on an economic assessment of each exchanger. In this chapter we illustrate the application of various optimization techniques
to heattransfer—system design. First we show how simple rules of thumb on boiler
temperature differences can be derived (Example 11.1). Then a more complicated
design of a heat exchanger is examined (Example 11.2), leading to a constrained
optimization problem involving some discretevalued variables. Example 11.3 dis
cusses the use of optimization in the design and operation of evaporators, and we
conclude this chapter by demonstrating how linear programming can be employed
to optimize a steam/power system (Example 11.4). For optimization of heat
exchanger networks by mathematical programming methods, refer to Athier et a1.
(1997), Briones and Kokossis (1996), and Zamora and Grossmann (1998). EXAMPLE 11.1 OPTIMIZING RECOVERY OF WASTE HEAT A variety of sources of heat at elevated temperatures exist in a typical chemical plant that
may be economically recoverable for production of power using steam or other working
ﬂuids, such as freon or light hydrocarbons. Figure E11.1 is a schematic of such a system.
The system power output Can be increased by using larger heat exchanger surface areas
for both the boiler and the condenser. However, there is a tradeoff between power recov—
ery and capital cost of the exchangers. Jegede and Polley (1992), Reppich and Zager—
mann (1995), Sama (1983), Swearingen and Ferguson (1984), and Steinmeyer (1984)
have proposed some simple rules based on analytical optimization of the boiler A]? In a power system, the availability expended by any exchanger is equal to the net
work that could have been accomplished by having each stream exchange heat with
the surroundings through a reversible heat engine or heat pump. In the boiler in Fig
ure E11.1, heat is transferred at a rate Q (the boiler load) from the average hot ﬂuid 420 PART 111: Applications of Optimization Heat source Boiler (7;) Expander
turbine FIGURE E11.1
Schematic of power system. temperature Ts to the working ﬂuid at TH. The working ﬂuid then exchanges heat with
the condenser at temperature T2. If we ignore mechanical friction and heat leaks, the
reversible work available from Q at temperature T5 with the condensing (coldside) temperature at T2 is
T _ T2
W = s
1 Q< Ts > The reversible work available from the condenser using the working ﬂuid temperature
TH (average value) and the heat sink temperature T2 is T—T
W2=Q< HTH 2) Hence the ideal power available from the boiler can be found by subtracting W2
from W1 (a) (b) T T
WZ—W1=AW=Q<T—2?2> (c)
H s In this expression TS and T2 are normally speciﬁed, and TH is the variable to be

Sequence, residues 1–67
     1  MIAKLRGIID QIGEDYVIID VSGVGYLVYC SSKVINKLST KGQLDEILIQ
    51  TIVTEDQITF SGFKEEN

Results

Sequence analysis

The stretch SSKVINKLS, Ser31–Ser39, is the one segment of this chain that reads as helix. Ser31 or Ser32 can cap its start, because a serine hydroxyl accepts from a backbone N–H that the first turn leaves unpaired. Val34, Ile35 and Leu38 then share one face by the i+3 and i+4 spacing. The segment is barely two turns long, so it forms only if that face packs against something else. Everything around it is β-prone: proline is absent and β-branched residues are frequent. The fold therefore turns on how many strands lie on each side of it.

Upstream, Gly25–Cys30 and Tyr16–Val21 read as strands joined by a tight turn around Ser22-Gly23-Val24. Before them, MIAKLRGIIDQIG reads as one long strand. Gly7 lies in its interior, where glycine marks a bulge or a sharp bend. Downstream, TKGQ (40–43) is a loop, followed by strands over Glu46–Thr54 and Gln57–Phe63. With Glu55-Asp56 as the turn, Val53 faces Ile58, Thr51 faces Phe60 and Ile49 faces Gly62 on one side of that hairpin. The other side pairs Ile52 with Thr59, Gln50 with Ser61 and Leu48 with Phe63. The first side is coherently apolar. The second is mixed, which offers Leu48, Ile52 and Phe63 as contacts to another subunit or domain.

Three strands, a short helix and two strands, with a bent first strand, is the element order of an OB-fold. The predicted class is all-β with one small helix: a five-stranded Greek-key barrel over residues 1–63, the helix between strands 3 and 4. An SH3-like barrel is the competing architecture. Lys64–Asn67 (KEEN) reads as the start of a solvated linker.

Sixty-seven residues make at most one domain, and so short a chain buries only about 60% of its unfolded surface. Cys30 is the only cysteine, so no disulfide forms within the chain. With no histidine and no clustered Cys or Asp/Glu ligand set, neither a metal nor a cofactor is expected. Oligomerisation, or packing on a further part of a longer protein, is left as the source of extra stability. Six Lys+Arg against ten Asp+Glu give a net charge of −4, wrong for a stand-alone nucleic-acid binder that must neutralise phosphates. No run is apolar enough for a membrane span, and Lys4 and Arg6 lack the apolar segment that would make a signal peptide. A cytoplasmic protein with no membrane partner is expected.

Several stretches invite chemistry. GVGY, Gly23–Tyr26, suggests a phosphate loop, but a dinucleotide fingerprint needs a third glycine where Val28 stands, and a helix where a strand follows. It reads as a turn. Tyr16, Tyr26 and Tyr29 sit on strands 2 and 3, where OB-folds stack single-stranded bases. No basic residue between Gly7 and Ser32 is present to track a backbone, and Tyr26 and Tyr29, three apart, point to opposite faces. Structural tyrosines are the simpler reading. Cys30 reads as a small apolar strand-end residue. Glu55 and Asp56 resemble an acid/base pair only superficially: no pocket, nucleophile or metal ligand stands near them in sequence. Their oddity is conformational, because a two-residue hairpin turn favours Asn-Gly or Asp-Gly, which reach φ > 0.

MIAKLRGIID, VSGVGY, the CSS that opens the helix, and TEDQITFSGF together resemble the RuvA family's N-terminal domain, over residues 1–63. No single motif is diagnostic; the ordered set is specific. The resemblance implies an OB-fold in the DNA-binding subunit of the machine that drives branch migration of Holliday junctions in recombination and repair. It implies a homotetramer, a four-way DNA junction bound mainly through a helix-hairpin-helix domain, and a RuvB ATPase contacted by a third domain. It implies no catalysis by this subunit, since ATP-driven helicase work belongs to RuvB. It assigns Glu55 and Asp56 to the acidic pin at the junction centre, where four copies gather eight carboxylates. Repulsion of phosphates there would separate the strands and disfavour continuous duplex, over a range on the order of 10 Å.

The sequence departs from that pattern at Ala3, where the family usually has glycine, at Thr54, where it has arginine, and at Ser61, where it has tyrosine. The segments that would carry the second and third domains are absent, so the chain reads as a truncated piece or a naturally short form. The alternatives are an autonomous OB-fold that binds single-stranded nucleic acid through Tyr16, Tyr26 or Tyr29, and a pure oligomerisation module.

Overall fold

adjusted. If Q is expressed in Btu/h, and the operating cost is Cop, then the value of
the available power is T2 T2 Cop = CHTIYQ<— _ _) TH TS (d) CHAPTER 11: Heat Transfer and Energy Conservation 421 where 1; = overall system efﬁciency (0.7 is typical)
y = number of hours per year of operation
CH amalgamates the value of the power in $/kWh and the necessary conversion factors to have a consistent set of units You can see, using Equation (d) only, that C01) is minimized by setting TH = Ts
(inﬁnitesimal boiler AT). However, this outcome increases the required boiler heat
transfer area to an inﬁnite area, as can be noted from the calculation for the area _ Q
A ‘ Um — TH) @ (In Equation (e) an average value for the heat transfer coefﬁcient U is assumed, ignor
ing the effect of pressure drop. U depends on the working ﬂuid and the operating tem
perature.) Let the cost per unit area of the exchanger be C A and the annualization fac—
tor for capital investment be denoted by r. Then the annualized capital cost for the
boiler is CAQr C = —
C _ TH) (f) Finally, the objective function to be minimized with respect to TH, the working ﬂuid
temperature, is the sum of the operating cost and surface area costs: _ 2 _ E i
f — CanyQ<TH TS) + Um _ TH) (g) To get an expression for the minimum of f, we differentiate Equation (g) with respect
to TH and equate the derivative to zero to obtain __Ti i =
CHWQ( T13) + U(T, — TH)2 0 (h) To solve the quadratic equation for TH, let
0‘1 = CHTIYTZU
a2 = CAr
Q cancels in both terms. On rearrangement, the resulting quadratic equation is
(all — a2)T,3 — 20¢;er + 04le = 0 (i) The solution to (i) for TH < TS is Ta = T, —_— (j) 422 PART III: Applications of Optimization For a system with CA = $25/ft2, a power cost of $0.06/kWh (CH = 1.76 X 10‘5).
U = 95 Btu/(h)(°R)(ft2), y = 8760 h/year, r = 0.365, 17 = 0.7, T2 = 600°R, and TS =
790°R, the optimal value TH is 760.7°R, giving a AT of 29.3°R. Swearingen and Fer
guson showed that Equation (h) can be expressed implicitly as 1/2
AT = T, — TH = Tﬂ(ﬂ> (k) a2 In this form, it appears that the allowable AT increases as the working ﬂuid tempera
ture increases. This suggests that the optimum AT for a heat source at 900°R is lower
than that for a heat source at 1100°R. In fact, Equation (j) indicates that the optimum